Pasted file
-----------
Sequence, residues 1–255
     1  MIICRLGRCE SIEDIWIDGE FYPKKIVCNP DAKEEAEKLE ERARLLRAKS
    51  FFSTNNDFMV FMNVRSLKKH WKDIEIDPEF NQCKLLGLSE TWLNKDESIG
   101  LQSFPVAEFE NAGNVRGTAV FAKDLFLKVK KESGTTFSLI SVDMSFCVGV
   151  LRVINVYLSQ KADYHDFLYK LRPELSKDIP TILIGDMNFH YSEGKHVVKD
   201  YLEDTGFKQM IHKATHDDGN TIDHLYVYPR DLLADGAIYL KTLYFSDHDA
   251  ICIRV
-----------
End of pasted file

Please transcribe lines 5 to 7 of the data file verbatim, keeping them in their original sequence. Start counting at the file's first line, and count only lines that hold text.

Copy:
   151  LRVINVYLSQ KADYHDFLYK LRPELSKDIP TILIGDMNFH YSEGKHVVKD
   201  YLEDTGFKQM IHKATHDDGN TIDHLYVYPR DLLADGAIYL KTLYFSDHDA
   251  ICIRV